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Elizabeth Schwall

Postdoctoral Fellow in History and the Kaplan Institute for the Humanities

Ph.D., Columbia, 2016
Curriculum Vitae


Geographic Field(s):  Latin American and Caribbean History

Principal Research Interest(s):  Latin American and Caribbean History; Dance Studies


Elizabeth Schwall (Ph.D. History, Columbia University, 2016) is a Mellon Dance Studies in/and the Humanities Postdoctoral Fellow, appointed with the Department of History and the Alice Kaplan Institute for the Humanities. Her interdisciplinary research and teaching combines History and Dance Studies to shed new light on the physical movements that animated daily life, politics, and intellectual inquiry in Latin America and the Caribbean. Her book manuscript, Political Moves: Dance and Power in Revolutionary Cuba, examines dance as revolutionary politics, labor, and entertainment in Cuba from 1930 to 1990. Her broader research interests include Mexican History, Brazilian History, Latin American performance, Cold War cultural diplomacy, and the histories of migration and community building through art.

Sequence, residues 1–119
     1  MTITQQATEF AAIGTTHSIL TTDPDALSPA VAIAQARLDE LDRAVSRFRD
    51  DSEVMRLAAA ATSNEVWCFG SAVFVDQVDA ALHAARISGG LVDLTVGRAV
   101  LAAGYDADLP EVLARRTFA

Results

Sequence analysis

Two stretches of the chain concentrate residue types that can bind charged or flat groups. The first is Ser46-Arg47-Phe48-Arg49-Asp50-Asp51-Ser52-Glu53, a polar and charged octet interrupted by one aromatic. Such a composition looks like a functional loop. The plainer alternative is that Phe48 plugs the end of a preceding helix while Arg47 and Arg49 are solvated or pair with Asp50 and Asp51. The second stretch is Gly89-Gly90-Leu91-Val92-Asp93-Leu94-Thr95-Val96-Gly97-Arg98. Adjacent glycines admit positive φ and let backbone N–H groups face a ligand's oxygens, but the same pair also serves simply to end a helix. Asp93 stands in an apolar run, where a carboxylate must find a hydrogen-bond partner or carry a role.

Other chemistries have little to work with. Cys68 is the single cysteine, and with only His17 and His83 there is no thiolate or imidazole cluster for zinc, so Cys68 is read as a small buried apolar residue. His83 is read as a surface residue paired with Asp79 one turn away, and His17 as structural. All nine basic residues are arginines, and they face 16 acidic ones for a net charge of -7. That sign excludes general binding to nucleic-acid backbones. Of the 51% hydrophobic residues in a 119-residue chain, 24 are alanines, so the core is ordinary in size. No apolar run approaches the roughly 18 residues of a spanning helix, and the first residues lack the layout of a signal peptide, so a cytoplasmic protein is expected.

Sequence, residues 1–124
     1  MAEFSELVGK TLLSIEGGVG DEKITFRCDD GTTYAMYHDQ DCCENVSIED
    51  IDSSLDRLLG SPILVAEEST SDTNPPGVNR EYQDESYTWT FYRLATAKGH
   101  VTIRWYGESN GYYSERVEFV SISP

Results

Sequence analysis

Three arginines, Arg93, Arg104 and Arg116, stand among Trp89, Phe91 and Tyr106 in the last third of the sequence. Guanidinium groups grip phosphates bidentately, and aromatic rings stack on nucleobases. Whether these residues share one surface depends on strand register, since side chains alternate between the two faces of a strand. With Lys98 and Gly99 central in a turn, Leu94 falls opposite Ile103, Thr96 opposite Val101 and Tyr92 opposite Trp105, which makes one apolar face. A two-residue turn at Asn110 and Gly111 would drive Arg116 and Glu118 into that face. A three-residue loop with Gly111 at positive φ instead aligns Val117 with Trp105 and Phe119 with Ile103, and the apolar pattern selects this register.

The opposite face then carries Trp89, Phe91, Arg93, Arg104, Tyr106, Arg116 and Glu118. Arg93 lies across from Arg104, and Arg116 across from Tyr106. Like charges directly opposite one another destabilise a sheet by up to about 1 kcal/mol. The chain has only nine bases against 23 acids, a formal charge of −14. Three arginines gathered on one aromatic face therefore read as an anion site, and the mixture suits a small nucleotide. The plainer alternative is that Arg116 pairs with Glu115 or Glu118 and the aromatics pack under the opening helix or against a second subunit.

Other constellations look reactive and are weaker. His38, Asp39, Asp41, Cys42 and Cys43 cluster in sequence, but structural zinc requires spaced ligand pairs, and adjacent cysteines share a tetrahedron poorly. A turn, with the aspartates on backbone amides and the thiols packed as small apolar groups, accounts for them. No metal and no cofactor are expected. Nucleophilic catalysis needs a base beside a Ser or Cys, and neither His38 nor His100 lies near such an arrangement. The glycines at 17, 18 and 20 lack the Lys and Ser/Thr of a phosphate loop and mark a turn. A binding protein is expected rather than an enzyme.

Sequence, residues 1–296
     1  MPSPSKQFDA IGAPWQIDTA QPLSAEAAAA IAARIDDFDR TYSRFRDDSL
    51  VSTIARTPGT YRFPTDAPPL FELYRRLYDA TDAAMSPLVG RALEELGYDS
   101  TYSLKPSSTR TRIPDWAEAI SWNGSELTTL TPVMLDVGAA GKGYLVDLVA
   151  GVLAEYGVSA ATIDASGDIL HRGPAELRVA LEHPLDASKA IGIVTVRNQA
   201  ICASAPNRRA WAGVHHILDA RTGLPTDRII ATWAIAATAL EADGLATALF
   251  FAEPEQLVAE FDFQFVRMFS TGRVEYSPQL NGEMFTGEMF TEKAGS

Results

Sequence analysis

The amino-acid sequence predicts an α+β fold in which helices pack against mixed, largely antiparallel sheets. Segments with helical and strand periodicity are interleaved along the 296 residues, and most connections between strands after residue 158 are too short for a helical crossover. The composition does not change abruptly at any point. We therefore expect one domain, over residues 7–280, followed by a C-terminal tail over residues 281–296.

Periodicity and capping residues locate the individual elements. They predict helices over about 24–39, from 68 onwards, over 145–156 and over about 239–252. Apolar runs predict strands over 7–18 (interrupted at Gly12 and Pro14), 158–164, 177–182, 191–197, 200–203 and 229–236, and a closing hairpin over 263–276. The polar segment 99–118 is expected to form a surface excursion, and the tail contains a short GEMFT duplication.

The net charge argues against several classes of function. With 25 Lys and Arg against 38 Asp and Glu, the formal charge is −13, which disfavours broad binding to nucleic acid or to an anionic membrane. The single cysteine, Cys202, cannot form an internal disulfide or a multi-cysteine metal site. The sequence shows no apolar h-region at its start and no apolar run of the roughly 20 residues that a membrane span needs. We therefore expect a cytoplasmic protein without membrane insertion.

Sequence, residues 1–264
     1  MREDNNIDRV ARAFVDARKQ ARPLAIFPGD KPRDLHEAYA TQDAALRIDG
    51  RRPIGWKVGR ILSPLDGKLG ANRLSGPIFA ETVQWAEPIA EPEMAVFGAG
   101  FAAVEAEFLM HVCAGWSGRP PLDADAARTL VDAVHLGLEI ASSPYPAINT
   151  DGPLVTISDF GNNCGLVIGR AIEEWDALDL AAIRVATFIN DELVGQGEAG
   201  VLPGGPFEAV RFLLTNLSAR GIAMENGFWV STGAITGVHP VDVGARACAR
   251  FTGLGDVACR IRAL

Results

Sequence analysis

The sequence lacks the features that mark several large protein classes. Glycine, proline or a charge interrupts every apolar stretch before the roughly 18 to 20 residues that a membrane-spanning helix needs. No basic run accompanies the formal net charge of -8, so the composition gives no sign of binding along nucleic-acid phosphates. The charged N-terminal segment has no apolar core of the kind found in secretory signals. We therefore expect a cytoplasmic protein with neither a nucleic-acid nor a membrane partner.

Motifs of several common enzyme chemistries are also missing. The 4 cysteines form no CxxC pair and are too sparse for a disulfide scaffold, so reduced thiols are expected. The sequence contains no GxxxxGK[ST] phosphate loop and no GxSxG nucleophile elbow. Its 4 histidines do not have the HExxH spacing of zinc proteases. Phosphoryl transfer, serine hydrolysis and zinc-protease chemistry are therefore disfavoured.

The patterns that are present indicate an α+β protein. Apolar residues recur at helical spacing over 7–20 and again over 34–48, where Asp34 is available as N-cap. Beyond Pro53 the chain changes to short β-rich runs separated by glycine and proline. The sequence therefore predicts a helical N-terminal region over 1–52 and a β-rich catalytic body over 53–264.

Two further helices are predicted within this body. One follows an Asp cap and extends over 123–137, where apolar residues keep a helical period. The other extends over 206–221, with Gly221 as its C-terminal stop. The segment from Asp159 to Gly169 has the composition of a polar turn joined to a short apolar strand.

Affiliated Programs

Mellon Dance Studies in/and the Humanities

Alice Kaplan Institute for the Humanities

Latin American and Caribbean Studies


  • Coordinating Movements: The Politics of Cuban-Mexican Dance Exchanges, 1959-1983,Hispanic American Historical Review 97, no. 4 (Nov. 2017), 681-716.
  • “Dancing with the Revolution: Cabaret and Ballet Developments in 1960s Cuba,” in The Cuban Revolution from Within, eds. Michael Bustamante and Jennifer Lambe (Durham: Duke University Press, forthcoming).
  • “A Colorful Gray: Cuban Modern Dancers between Censorship and Agency, 1971-1974,” in The Futures of Dance Studies, eds. Susan Manning, Janice Ross, and Rebecca Schneider (Wisconsin: University of Wisconsin Press, forthcoming).

Teaching Interests

  • Winter 2018 "Mobilizing Revolution: Dancing Histories of Cuba"
  • Spring 2018 "Dance and History: Archive, Performance, and Memory"
  • Winter 2017 "Hemispheric Moves: Dancing U.S.-Latin American Relations since 1898"
  • Fall 2016 "Dance, Race, and Nation in Latin America"
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